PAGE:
Patent application submitted

Transgenic Lignin Easier to Break Down for Biofuel

John Ralph, Curtis Wilkerson, Saunia Withers, Shawn Mansfield

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Lignocellulosic biomass is a very desirable feedstock for biofuel production. If the fermentation process could be optimized, conversion of this biomass could yield 25 to 50 billion gallons of ethanol or other biofuels per year.

Yet lignocellulose is composed of tough lignin, cellulose and hemicelluloses that resist breakdown. This limits...

Patent application submitted

Conversion of Biomass Sugars via Fermentation

Brian Pfleger, James Dumesic, Jeremy Luterbacher, Jacqueline Rand

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Microorganisms like yeast and Escherichia coli are cultured in labs for many purposes, notably the production of useful chemicals (such as ethanol) via fermentation. The growth media used in these processes are relatively expensive. Cheaper media derived from renewable resources would be a boon to researchers and industries that rely...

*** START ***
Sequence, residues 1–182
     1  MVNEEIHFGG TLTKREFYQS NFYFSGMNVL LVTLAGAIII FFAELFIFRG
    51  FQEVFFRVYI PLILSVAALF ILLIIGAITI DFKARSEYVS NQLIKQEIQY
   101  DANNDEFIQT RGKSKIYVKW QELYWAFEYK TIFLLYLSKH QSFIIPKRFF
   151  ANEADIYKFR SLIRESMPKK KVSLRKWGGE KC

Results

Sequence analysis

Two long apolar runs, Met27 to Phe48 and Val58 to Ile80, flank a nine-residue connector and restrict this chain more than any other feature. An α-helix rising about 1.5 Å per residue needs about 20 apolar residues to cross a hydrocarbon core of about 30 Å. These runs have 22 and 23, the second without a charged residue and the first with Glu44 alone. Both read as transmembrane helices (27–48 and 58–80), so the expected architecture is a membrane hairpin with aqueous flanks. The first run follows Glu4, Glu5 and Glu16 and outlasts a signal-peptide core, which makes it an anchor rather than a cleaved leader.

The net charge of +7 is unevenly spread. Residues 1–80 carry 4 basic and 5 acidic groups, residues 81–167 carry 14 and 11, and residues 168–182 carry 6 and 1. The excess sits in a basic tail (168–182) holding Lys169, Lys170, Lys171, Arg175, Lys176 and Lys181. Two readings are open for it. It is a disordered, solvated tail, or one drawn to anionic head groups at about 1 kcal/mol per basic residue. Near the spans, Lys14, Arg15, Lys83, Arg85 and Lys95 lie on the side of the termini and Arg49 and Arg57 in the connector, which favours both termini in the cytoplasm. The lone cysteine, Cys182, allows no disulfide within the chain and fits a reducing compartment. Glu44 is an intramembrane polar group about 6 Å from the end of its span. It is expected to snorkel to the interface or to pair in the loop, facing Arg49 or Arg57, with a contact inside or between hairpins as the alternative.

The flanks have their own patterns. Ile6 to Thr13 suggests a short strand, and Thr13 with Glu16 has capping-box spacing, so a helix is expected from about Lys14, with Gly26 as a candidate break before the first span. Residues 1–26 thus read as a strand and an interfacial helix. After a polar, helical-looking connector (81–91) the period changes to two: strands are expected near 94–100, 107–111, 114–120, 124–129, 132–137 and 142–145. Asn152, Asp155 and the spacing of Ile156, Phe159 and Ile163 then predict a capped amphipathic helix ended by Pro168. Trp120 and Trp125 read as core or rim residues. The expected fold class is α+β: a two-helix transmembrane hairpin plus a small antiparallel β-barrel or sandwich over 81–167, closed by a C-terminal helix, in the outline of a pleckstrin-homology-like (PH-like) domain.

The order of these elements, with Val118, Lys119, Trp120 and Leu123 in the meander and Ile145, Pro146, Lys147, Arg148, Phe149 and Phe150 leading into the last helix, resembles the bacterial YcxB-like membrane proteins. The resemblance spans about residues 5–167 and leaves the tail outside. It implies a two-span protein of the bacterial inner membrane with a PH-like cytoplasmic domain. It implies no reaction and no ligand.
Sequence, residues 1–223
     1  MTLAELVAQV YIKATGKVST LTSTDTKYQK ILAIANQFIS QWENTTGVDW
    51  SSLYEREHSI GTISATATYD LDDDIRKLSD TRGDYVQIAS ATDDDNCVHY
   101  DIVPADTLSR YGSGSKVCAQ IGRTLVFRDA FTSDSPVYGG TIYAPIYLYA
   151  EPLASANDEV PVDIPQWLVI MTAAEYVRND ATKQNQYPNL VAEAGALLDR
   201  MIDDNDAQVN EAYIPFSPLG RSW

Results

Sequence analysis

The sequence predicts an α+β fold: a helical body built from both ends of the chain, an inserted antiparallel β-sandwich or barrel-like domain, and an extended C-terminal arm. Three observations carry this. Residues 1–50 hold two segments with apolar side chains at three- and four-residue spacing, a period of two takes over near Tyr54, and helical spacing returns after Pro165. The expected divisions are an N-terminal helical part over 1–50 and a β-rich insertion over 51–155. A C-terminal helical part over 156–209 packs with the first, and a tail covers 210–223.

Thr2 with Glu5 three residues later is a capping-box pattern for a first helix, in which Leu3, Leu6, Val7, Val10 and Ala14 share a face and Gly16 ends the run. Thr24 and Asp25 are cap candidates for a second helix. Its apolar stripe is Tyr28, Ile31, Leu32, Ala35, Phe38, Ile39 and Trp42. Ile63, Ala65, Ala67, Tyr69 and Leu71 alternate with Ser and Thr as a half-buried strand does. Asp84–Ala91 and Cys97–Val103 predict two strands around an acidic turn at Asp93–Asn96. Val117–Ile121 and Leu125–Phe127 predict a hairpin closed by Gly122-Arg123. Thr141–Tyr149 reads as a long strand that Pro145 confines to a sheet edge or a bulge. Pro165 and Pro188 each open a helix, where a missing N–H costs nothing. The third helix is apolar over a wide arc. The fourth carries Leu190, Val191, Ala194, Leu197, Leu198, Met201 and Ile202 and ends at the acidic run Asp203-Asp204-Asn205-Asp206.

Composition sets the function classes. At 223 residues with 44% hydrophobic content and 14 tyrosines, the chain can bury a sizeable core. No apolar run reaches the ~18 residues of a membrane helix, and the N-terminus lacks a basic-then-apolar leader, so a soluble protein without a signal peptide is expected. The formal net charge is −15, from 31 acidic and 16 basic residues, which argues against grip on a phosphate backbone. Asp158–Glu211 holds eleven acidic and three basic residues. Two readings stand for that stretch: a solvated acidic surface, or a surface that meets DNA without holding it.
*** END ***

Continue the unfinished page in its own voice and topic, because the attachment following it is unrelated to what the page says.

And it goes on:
Patent application submitted

Wisconsin-Sourced Lager Yeast

Chris Hittinger, David Peris Navarro, Kayla Sylvester

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Beer can be divided into two broad categories: ales and lagers. Ales have been brewed for thousands of years. They are warm fermented (up to 80° F) for as little as three weeks using top-fermenting yeast (i.e., yeast that rises when fermentation is complete).